In today’s headlines, we have this little gem from The Huffington Post:

New Hampshire Republican lawmaker Peter Hansen drew outrage from his own party when he sent out an email to his colleagues on the official legislative electronic mailing list earlier this month in which he referred to women as (and here I am quoting him directly) “vagina’s.”

Here’s the direct quote:

What could possibly be missing from those factual tales of successful retreat in VT, Germany, and the bowels of Amsterdam? Why children and vagina’s of course. While the tales relate the actions of a solitary male the outcome cannot relate to similar situations where children and women and mothers are the potential victims.

Am I outraged too? You’d better believe it. I am shocked and appalled. Everyone knows you don’t form a plural by adding apostrophe “s.”

On the other hand, it does sort of figure. After all, this is probably only one of the countless ways in which he daily proves himself to be an utter ignoramus.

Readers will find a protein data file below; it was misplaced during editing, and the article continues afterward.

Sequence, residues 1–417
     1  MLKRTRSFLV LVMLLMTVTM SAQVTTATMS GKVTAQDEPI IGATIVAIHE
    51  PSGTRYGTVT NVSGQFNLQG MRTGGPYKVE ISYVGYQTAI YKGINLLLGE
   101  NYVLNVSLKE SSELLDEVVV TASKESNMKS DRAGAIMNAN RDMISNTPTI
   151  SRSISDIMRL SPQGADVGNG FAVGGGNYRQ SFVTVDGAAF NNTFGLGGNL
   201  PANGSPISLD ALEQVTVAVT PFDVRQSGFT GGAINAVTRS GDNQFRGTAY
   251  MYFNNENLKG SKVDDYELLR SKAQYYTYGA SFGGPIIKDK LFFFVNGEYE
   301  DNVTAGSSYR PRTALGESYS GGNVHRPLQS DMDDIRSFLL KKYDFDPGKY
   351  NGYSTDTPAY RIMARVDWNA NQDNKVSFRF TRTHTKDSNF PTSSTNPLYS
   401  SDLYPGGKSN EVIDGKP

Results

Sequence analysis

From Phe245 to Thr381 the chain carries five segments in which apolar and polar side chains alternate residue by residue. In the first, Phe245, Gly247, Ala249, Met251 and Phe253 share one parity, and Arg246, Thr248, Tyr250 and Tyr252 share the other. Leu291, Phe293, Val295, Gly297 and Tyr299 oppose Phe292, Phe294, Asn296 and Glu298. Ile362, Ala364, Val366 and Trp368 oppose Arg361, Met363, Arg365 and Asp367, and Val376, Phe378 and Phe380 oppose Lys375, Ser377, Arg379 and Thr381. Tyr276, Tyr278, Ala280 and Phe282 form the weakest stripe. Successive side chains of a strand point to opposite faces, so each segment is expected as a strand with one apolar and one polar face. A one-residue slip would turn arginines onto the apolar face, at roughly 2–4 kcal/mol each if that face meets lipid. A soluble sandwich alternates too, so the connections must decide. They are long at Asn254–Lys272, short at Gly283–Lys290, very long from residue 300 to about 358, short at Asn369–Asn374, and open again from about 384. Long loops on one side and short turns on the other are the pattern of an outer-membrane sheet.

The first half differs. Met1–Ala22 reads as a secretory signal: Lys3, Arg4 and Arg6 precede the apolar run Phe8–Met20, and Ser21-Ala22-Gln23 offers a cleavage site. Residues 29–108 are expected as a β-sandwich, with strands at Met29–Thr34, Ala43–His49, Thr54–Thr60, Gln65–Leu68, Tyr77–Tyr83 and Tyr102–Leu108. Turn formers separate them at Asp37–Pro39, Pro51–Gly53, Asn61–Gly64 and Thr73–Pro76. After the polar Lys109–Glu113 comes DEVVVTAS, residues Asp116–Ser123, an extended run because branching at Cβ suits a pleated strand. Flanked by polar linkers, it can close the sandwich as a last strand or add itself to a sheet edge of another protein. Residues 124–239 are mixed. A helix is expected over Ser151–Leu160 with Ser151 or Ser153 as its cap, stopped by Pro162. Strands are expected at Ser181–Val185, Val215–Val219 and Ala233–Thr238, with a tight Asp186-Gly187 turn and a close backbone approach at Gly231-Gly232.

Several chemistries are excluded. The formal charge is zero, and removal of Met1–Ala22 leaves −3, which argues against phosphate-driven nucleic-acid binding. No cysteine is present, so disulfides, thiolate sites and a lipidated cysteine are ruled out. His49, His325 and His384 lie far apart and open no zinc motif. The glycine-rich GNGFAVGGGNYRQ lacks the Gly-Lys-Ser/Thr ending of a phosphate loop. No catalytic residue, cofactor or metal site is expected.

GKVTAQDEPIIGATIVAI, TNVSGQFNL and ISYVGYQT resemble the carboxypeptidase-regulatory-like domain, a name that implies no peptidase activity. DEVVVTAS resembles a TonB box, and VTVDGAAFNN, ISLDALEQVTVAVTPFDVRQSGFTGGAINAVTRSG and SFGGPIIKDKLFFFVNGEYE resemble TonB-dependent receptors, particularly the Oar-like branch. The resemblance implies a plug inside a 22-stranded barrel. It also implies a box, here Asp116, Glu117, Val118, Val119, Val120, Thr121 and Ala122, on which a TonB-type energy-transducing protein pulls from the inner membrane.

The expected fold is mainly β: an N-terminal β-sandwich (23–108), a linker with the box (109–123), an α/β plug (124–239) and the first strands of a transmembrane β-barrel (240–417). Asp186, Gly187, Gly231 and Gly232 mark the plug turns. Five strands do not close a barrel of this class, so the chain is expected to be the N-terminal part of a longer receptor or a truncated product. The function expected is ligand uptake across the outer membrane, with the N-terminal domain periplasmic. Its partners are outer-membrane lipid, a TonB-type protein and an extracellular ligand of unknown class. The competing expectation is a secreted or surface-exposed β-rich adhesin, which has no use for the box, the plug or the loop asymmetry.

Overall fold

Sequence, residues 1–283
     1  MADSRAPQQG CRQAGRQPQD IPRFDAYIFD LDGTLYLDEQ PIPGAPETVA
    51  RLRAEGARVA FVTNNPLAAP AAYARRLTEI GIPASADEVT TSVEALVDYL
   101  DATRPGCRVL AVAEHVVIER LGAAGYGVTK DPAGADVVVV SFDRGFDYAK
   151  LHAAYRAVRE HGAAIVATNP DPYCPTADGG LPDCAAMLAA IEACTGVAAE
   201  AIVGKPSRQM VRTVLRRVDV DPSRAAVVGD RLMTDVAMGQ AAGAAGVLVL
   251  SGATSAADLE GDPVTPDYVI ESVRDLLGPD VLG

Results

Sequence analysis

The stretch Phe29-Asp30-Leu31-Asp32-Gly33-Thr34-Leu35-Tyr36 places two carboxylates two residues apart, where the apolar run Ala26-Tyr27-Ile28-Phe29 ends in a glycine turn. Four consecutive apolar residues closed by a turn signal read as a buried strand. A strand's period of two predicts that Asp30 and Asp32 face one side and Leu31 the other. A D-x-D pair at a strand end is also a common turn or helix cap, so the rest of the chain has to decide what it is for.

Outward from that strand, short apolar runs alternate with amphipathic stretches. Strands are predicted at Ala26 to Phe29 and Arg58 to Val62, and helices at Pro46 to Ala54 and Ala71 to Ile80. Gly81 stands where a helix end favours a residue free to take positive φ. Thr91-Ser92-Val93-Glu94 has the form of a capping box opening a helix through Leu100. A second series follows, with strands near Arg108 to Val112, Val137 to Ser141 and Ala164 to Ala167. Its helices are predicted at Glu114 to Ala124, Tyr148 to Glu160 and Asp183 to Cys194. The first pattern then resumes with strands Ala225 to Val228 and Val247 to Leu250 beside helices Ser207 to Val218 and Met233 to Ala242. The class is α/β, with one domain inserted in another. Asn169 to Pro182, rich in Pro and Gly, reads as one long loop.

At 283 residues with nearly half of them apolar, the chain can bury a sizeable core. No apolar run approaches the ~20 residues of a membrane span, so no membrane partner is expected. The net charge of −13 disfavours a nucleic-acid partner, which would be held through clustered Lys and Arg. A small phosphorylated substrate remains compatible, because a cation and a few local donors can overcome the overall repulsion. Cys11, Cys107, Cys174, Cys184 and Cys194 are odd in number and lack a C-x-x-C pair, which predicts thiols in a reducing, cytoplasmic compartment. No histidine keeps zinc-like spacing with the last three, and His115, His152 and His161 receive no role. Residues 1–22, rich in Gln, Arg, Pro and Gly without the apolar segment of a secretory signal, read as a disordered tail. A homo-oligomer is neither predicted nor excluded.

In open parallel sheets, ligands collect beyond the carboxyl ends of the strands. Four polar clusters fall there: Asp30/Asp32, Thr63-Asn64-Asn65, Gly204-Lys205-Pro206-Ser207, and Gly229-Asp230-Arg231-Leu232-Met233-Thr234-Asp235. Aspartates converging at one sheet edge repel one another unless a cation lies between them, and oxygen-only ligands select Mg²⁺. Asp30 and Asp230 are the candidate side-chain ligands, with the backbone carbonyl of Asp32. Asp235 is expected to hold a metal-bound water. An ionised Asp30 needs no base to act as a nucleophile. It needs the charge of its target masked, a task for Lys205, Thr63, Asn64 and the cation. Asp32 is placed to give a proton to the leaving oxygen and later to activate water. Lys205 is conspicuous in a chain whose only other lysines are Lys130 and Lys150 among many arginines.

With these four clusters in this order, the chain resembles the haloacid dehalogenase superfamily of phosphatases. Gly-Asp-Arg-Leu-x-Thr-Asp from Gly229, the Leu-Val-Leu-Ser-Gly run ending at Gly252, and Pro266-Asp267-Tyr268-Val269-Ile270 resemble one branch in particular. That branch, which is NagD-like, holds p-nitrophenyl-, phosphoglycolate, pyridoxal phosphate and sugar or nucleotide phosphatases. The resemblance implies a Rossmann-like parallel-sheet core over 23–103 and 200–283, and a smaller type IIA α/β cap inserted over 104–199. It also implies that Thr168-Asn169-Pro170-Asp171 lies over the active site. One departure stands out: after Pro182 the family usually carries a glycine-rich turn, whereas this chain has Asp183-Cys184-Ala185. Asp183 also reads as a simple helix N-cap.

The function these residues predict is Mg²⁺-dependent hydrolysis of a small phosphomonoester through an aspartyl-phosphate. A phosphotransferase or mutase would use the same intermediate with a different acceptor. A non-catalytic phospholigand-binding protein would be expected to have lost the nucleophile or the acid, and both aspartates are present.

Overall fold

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Filed under Articles, machismo, Misogyny, Quick takes

A modest proposal

In which we address the problem of yet another misogynistic loudmouth

In the latest instance of a male troglodyte holding forth on the finer social implications of rape, University of Rochester economics professor Steven Landsburg recently penned a brief manifesto on the rape convictions of two high school football players in Steubenville, Ohio, that would make any self-respecting woman-hater’s heart swell with testosterone-laden pride.

In his blog,  Landsburg  asked whether the law should rightfully discourage acts of rape in which the person is unconscious and suffers no direct physical harm.  “As long as I’m safely unconscious and therefore shielded from the costs of an assault,” Landsburg reasons, “why shouldn’t the rest of the world (or more specifically my attackers) be allowed to reap the benefits?”